They are using the "Intel Pro Wireless" chip which is head and shoulders above broadcom chipset. The broadcom chipset Apple currently uses in PowerPC computers is the same crappy one's used in almost every Dell notebook.



    The Intel Pro Wireless chipset also has much better power management, but the real fun comes starting in June, when the Intel Pro Wireless chipset will include:



    802.11a/b/g/n + WiMax + EVDO (Cell Network) + EDGE (Cell Network)
  • Reply 8 of 44
    Quote:

    Originally posted by webmail

    ...but the real fun comes starting in June, when the Intel Pro Wireless chipset will include:



    802.11a/b/g/n + WiMax + EVDO (Cell Network) + EDGE (Cell Network)




    Not even aware of what all that means, but I am looking forward to finding out!
  • Reply 9 of 44
    andersanders Posts: 6,523member
    WiMax = "ADSL over the air". Gained some momentum here in Copenhagen after two companies started offering it in late 2005 in greater Copenhagen and some other cities in Denmark. If I didn´t have a ridicules fast (10-20 mbit/s) and ridicules cheap ($20/month including fixed IP) line I would have jumped on that. No need to find WiFi networks when you are not home.



    EDGE = 2.5+G cell technology. Up to about 200kbit/s in ideal conditions. But it is using mobile network (= comparable expensive) and it needs a SIM and subscription to work (Oh, just had a thought: Mobile Me?)
  • Reply 10 of 44
    jeffdmjeffdm Posts: 12,946member
    Given the spectrum issue, I don't understand Joswiak would say that 'a' doesn't make sense. I personally don't need 'a' because I live in a low-tech area, I would think that businesses would want to use it.



    I don't think what is in the Apple base stations matter, being far too expensive for reasons that are beyond me. I can get a reliable base station for $40, getting a modem and print server separately still doesn't cost half of Apple's price.
  • Reply 11 of 44
    fahlmanfahlman Posts: 696member
    So it would be safe to say the the MacBook Pro has Centrino inside?
  • Reply 12 of 44
    Quote:

    Originally posted by fahlman

    So it would be safe to say the the MacBook Pro has Centrino inside?



    No, because it has a snappy ATI graphics card! Basically Apple have taken the two good bits of the Centrino Duo platform and replaced the third weak one with a better card. Best of both worlds, exactly as I hoped they would!
  • Reply 13 of 44
    wmfwmf Posts: 1,164member
    Quote:

    Originally posted by fuyutsuki

    No, because it has a snappy ATI graphics card! Basically Apple have taken the two good bits of the Centrino Duo platform and replaced the third weak one with a better card. Best of both worlds, exactly as I hoped they would!



    Centrino machines can have ATI or nVidia graphics. To recap, a Centrino computer must include:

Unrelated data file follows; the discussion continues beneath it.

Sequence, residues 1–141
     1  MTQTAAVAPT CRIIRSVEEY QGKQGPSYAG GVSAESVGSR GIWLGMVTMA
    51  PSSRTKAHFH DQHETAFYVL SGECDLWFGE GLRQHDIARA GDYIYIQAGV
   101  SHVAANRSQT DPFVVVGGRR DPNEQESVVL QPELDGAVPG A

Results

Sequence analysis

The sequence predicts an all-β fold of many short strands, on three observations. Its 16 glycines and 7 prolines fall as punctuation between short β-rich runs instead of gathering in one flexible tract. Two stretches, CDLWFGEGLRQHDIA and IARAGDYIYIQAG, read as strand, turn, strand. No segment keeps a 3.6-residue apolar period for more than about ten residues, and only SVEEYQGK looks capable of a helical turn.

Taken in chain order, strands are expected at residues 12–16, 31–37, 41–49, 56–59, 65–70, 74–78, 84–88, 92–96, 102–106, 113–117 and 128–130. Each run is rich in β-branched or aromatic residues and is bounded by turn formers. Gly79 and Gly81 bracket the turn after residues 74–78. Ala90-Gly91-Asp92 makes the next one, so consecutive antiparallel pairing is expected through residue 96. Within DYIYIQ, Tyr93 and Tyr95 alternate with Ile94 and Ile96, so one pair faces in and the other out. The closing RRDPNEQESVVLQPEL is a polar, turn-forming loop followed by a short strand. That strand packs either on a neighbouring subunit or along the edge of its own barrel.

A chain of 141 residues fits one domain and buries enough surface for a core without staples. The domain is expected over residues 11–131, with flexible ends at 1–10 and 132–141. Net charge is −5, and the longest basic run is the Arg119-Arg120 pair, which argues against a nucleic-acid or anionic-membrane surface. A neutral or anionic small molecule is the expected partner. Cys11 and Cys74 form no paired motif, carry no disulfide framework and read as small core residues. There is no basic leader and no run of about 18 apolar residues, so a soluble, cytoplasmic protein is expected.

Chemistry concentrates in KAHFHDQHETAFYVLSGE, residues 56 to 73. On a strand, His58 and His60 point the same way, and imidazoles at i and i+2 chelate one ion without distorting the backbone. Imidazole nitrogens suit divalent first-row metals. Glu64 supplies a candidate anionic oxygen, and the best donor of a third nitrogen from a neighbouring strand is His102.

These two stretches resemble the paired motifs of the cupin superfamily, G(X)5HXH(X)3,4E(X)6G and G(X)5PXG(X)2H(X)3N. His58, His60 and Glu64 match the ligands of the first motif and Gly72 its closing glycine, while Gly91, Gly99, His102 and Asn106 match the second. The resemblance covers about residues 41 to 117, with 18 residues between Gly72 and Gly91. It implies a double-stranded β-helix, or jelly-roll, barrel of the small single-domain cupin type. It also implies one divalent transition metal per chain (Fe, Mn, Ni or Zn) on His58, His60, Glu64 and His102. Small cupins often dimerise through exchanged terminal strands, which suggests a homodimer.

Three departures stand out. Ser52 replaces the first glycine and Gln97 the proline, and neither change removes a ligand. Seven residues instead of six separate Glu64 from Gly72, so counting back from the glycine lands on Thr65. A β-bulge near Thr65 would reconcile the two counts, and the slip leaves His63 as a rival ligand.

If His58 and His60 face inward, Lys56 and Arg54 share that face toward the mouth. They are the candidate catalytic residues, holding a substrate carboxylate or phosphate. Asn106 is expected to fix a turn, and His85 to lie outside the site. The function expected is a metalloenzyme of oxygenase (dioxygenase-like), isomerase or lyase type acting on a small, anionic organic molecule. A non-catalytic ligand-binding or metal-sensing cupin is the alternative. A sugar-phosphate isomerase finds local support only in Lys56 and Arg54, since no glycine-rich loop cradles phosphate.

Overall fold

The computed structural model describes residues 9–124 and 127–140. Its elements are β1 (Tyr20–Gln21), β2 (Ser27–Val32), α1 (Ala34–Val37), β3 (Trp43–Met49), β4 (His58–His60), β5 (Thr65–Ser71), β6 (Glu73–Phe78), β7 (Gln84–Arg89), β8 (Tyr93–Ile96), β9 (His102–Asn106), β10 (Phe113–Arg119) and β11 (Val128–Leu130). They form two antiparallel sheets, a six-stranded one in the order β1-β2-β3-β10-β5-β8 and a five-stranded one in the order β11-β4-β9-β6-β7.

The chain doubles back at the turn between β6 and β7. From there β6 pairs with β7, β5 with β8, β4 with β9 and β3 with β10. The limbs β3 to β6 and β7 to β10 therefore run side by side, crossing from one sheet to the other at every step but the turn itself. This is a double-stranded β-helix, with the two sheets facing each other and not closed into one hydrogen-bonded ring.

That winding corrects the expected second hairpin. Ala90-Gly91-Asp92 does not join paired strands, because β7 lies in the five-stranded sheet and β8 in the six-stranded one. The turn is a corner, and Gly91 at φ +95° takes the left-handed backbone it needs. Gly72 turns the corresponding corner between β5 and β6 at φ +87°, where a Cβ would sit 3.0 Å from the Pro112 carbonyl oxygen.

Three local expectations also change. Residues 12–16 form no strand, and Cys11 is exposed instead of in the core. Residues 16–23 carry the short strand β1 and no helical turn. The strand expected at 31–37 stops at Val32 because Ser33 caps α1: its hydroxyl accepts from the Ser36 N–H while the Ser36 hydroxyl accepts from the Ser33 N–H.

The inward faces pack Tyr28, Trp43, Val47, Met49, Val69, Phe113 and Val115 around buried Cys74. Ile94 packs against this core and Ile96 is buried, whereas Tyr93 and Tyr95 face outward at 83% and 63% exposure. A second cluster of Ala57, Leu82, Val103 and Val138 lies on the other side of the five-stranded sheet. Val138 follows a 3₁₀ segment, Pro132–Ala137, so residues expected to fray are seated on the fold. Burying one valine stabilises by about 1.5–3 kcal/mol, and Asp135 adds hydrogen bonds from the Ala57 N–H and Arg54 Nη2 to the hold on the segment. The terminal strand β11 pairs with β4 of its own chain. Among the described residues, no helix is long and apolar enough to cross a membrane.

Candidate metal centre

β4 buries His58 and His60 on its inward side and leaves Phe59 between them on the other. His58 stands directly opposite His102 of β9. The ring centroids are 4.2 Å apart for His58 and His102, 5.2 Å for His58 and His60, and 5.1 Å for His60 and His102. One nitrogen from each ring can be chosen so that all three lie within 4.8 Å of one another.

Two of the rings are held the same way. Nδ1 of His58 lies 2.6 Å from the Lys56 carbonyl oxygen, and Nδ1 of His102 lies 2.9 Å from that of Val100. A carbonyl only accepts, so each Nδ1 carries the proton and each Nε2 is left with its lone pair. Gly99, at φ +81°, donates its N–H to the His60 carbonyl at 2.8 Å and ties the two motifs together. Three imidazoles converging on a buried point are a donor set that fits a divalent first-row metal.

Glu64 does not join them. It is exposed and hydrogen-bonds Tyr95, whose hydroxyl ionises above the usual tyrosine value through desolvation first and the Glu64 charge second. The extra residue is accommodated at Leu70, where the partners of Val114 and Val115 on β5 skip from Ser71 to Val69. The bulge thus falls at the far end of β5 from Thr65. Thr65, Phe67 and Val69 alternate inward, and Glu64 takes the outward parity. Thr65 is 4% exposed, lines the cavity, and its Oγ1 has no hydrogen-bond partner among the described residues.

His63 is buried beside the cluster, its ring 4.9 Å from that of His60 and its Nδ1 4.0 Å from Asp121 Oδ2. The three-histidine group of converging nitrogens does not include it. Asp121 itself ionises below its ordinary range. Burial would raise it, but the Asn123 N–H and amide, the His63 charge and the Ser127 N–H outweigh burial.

Intel Pentium M, Core Solo, or Core Duo processor

    Intel 915 or 945 chipset

    Intel PRO/Wireless
  • Reply 14 of 44
    wmfwmf Posts: 1,164member
    Quote:

    Originally posted by webmail

    ...the real fun comes starting in June, when the Intel Pro Wireless chipset will include:



    802.11a/b/g/n + WiMax + EVDO (Cell Network) + EDGE (Cell Network)




    I don't believe this at all. There will be no Mobile WiMax certifications until 2007, so anything in this year would have to be Mobile Pre-WiMax, and there will also be no Mobile Pre-WiMax service providers to connect to this year. Intel has little experience designing EDGE radios and no experience at all designing CDMA radios, so I don't see Intel shipping those this year if ever.



    What is more likely is notebooks including two slots; one will contain an 802.11+Bluetooth card and the other will contain either a UMTS/EDGE/GPRS card or an EV-DO card.
  • Reply 15 of 44
    melgrossmelgross Posts: 31,727member
    Quote:

    Originally posted by fuyutsuki

    No, because it has a snappy ATI graphics card! Basically Apple have taken the two good bits of the Centrino Duo platform and replaced the third weak one with a better card. Best of both worlds, exactly as I hoped they would!



    When you refer to an Apple product that's "snappy", or that has something inside that's "snappy", you have to say that it's "Teh Snappy".



    It's become traditional!
  • Reply 16 of 44
    melgrossmelgross Posts: 31,727member
    Quote:

    Originally posted by wmf

    Centrino machines can have ATI or nVidia graphics. To recap, a Centrino computer must include:

    Intel Pentium M, Core Solo, or Core Duo processor

    Intel 915 or 945 chipset

    Intel PRO/Wireless




    This machine had a Core Duo, and uses the 945 chipset. Don't know if the wireless is the PRO or not.
  • Reply 17 of 44
    telomartelomar Posts: 1,804member
    Quote:

    Originally posted by melgross

    This machine had a Core Duo, and uses the 945 chipset. Don't know if the wireless is the PRO or not.



    It does. Hence why there is now support for 802.11a. Apple has just used Intel's package. They could slap a Centrino sticker on those computers if they really wanted.
  • Reply 18 of 44
    andersanders Posts: 6,523member
    So now we have the explanation for the missing FW800 port.
  • Reply 19 of 44
    melgrossmelgross Posts: 31,727member
    Quote:

    Originally posted by Anders

    So now we have the explanation for the missing FW800 port.



    What explanation is that?
  • Reply 20 of 44
    jeffdmjeffdm Posts: 12,946member
    Quote:

    Originally posted by melgross

    What explanation is that?



    I really don't think it is an explaination. The implication is that whatever board space occupied by adding 'a' meant losing FW800, but that would be a false claim if it were to be made. It isn't as if there is a separate chip to add that only does 'a', or that chip is larger than previous b/g-only chips to the point that it means trading off the FW800 chip.